In the recent decision of my local district court in Vanwake Investments Pty Ltd v New-Stat Nominees Pty Ltd & Ors  QDC 57 it has become fairly obvious that copyright infringement will not be tolerated.
In the case a designer who had created a set of plans for a shop fitting was knocked back to complete the job. The owner of the shop passed a pencil drawn plan to a new shopfitter and had him complete the job.
The court had this to say about pencil drawing a similar plan:-
It was submitted on behalf of the defendants that if Mr Rowe intended merely to copy the plaintiff’s plan he would not have gone to the trouble of producing the hand drawn sketch Exhibit 39 as the first step. But in my opinion there are obvious answers to that. In the first place, he would have wanted to conceal even from others within the defendant companies that he was copying the plaintiff’s plan. Mr Dillon’s evidence suggests that he was concerned even to conceal that from him. Ordinarily within the fifth defendant plans started out with a pencil sketch by Mr Rowe (p.271), so this plan had to start off the same way. Besides, it would be too blatant a breach of copyright simply to use photocopies of the plaintiff’s plans as working drawings. Apart from these considerations, Mr Rowe would have wanted to make use of his standard display modules and fittings, and the preparation of the pencil sketch permitted an interpretation of the plaintiff’s plans by reference to those standard modules of the defendants. It also gave Mr Rowe the opportunity to introduce a couple of design ideas of his own. Accordingly I do not think that the use of a pencil sketch as the first document which was copied is at all a reason to reject the proposition that it was produced by copying.
But the real harshness came in the damages bill.
Damages were awarded in the amount of 10,000.00 for the infringement itself.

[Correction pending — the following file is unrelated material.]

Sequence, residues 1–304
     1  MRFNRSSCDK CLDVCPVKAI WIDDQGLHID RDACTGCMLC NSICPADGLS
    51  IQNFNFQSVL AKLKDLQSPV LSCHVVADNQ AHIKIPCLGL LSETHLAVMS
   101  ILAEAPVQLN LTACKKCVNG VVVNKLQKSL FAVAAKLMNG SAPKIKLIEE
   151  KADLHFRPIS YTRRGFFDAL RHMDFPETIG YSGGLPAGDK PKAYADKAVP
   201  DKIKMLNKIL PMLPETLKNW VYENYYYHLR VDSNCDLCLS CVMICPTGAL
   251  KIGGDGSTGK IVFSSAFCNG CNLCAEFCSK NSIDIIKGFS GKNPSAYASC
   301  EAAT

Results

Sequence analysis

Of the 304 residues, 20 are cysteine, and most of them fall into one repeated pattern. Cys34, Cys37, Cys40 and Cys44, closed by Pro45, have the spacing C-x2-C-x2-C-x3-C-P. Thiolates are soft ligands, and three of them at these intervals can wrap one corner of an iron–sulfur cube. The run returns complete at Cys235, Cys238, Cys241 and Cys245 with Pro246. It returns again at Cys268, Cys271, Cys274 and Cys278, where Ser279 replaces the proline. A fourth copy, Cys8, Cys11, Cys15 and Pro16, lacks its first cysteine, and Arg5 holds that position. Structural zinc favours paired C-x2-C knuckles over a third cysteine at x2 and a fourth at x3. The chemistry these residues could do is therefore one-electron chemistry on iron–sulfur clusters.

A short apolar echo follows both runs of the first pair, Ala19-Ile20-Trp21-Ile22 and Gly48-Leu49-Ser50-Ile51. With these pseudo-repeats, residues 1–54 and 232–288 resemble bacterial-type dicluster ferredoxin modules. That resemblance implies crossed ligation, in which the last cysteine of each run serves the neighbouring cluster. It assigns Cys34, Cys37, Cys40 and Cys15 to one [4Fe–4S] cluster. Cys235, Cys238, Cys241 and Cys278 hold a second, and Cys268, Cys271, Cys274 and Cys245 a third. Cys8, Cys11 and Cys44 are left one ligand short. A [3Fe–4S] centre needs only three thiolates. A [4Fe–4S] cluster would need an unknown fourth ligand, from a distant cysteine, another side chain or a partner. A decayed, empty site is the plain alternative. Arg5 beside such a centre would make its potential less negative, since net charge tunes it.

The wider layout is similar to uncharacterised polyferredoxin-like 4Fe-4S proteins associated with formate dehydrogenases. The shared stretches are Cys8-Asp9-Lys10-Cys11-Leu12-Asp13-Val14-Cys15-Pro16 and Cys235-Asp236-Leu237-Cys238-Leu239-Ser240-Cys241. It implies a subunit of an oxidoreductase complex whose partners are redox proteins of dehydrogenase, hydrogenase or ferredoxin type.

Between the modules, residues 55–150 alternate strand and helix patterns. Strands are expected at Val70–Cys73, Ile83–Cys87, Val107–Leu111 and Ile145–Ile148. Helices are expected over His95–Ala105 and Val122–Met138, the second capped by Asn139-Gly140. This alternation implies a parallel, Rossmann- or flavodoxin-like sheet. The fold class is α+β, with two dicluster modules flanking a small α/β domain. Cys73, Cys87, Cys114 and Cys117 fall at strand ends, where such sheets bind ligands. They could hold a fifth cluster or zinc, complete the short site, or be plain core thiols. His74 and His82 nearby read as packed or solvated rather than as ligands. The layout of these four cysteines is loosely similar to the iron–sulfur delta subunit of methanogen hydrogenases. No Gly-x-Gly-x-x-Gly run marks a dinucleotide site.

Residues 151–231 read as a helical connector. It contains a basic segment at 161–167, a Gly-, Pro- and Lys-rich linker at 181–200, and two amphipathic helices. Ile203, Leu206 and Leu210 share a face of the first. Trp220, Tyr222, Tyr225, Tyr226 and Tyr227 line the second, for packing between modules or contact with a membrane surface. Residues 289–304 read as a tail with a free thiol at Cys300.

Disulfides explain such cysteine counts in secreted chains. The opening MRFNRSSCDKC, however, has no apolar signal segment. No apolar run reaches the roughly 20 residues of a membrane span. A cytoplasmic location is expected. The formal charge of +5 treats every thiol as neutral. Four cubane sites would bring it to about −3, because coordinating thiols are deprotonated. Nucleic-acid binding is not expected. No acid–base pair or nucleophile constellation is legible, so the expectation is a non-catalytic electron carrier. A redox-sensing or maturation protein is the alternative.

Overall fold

The court noted that reduction of damages on the basis that the designer could have worked on another job was not reasonable:-
Another consideration is whether this really did represent loss of profit, in the sense that, because the plaintiff was not doing this job, it was able to devote its resources to other jobs which acted as an alternative source of profit. Mr McConaghy said that they had been making some allowance in their programming to do this job (p.120), and when it fell through they had some difficulty in keeping work up to employees: p.121. That suggests that it was not the case that the profit which would have been earned on this job was simply earned on some other job instead. On the whole I do not think that this is the sort of case where other transactions in practice made up in other ways the profit which would have been earned from this job had it gone ahead.
The court then turned to additional damages under Bailey v Naimol:-
As to the first of these, this was a fairly flagrant infringement. The plans were identified as the plaintiff’s plans, and in the circumstances as I have found then Mr Rowe must have known that he was copying the plaintiff’s plans. It is apparent from his evidence that he knew that this was wrong, and as early as 15 September there was correspondence from the plaintiff’s solicitors claiming copyright. This was after all the plans had been drawn, but before any of the work was done. I think it unlikely that that correspondence would have come as a surprise to the defendants, but in any case the third and fourth defendants proceeded with the construction of the shop on the basis of the plans after the correspondence.
The court noted damages of $25,000.00 would suffice for the usual 'notional Licence Fee' approach Raben Footwear v Polygram Records however the court went onto note that where there is a greater amount of damage that the court may award this amount:-
In my opinion the notional licence fee and vindication of property right assessment is essentially one which is applied in circumstances where it cannot be shown that the plaintiff has suffered actual loss in a greater sum. Where however a greater actual loss can be shown, that in my opinion is the appropriate approach for the assessment of damages. For that reason I assess damages of $64,000. For reasons given earlier, each of the defendants is jointly and severally liable for this amount.
This is probably the largest award of damages that we have seen in the DIstrict Court for a copyright infringement case. I was beginning to get worried after the Carlisle Homes and Macedab decisions where a little over 500.00 dollars was awarded for infringement of a house plan.
I applaud the court for properly addressing the damages faced by a designer of artistic works that are flagrantly ripped off without a hint of reward - Bravo.